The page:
Transformers are a groundbreaking technology introduced in the 2017 paper Attention Is All You Need (also referenced in A is for Attention at the start of this list). The transformer architecture is a combination of matrix calculations and neural networks with the key ability of applying “attention” to relevant parts of the input data. Transformers allow language models to process data in parallel and consider the entire context of the sentence instead of just the last few words. These characteristics mean Transformers can efficiently process enormous quantities of data, which made them pivotal in advancing Generative AI and forming the basis of Large Language Models that can perform complex tasks.
To learn more, skip through to the ‘Transformer Architecture’ chapter in Mike Chambers’ video ‘Generative AI: A Builder’s Guide’.
Unsupervised Learning is a type of algorithm that trains on unlabelled data, without corresponding output labels. The algorithm is trying to find hidden patterns, relationships, and structures within the data autonomously and without specific guidance on what the outcomes should be. Applications include clustering similar items, like grouping news articles into categories, or detecting anomalies in network traffic signaling a potential security breach. I think of Unsupervised Learning every time I’m in a new city and forget to download maps before I go; I end up exploring on my own and figuring out landmarks, layouts, and patterns of shops in the city myself without a guide.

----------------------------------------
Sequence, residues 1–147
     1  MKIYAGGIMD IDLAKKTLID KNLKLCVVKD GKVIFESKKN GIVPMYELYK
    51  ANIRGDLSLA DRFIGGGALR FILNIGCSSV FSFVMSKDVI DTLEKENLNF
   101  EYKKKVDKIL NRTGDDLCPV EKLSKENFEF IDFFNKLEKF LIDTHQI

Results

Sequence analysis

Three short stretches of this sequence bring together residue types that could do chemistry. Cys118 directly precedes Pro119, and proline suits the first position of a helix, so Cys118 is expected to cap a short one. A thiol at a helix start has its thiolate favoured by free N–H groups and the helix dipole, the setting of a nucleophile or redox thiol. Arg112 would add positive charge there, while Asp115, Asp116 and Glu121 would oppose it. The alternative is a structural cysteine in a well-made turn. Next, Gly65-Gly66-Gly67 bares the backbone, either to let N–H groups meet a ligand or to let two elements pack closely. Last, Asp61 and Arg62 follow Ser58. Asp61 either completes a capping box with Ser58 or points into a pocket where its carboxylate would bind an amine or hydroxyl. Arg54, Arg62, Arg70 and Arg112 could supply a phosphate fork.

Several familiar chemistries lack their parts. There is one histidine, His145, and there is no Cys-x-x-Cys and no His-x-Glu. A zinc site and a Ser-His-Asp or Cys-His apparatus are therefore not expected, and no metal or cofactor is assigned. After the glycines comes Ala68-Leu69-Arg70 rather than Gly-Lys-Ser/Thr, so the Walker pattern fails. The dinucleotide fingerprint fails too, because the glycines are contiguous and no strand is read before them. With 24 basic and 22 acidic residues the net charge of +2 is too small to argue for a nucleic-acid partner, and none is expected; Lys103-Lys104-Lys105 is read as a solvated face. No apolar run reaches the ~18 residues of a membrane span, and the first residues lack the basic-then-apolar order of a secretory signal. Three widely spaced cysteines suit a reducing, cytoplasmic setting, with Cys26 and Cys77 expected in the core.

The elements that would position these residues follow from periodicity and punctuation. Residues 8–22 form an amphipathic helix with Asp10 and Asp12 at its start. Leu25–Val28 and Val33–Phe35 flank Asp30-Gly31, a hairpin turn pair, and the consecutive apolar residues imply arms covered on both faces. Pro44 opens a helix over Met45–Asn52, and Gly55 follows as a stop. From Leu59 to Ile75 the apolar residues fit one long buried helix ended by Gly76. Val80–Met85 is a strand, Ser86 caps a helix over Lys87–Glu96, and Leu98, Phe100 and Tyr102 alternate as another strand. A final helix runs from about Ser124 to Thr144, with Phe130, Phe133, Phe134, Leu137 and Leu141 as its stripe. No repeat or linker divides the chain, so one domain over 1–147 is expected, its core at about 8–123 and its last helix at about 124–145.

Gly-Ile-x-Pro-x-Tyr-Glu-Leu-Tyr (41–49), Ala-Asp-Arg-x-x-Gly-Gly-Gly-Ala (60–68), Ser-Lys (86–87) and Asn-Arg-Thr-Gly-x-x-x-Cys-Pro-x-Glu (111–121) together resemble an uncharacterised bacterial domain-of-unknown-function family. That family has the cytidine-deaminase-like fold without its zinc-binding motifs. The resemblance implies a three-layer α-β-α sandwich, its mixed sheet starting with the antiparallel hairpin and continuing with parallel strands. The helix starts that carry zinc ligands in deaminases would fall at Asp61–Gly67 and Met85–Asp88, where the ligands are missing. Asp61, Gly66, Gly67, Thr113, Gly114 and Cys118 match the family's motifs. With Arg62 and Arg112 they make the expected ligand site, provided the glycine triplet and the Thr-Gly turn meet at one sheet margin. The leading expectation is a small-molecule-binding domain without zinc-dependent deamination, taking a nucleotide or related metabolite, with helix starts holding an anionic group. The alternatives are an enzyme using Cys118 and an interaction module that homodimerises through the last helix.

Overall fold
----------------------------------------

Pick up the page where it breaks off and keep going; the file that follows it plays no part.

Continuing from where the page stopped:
Supervised Learning, on the other hand, trains on labelled data where both the input and corresponding output are provided. The model learns to make predictions or decisions based on this input-output pairing and understanding the relationship between the input and desired output. Examples include predicting house prices using features like location and number of rooms, or recognizing handwritten numbers from labeled images of the digits. I remember Supervised Learning as doing homework after seeing the answers - where the questions (input data) and answers (output labels) are provided, so you can study by seeing questions and answers. Once a model (or student) is trained with Supervised Learning, they can make predictions on new unseen data, like taking a test on similar questions.
Bookmark this page if you’re ever losing track remembering ‘The Difference Between Supervised and Unsupervised Learning.’
A Vector Database is a specialized database that allows you to store and retrieve high dimensional vectors representing various types of data. They enable efficient and fast lookup of nearest neighbors in N-dimensional space, making them useful for tasks like semantic search, vector search, and multimodal search. Vector Databases play a crucial role behind the scenes in Generative AI applications by allowing customization of language models, improving accuracy, and providing a foundation for unique user experiences like conversational search or generating images from text prompts.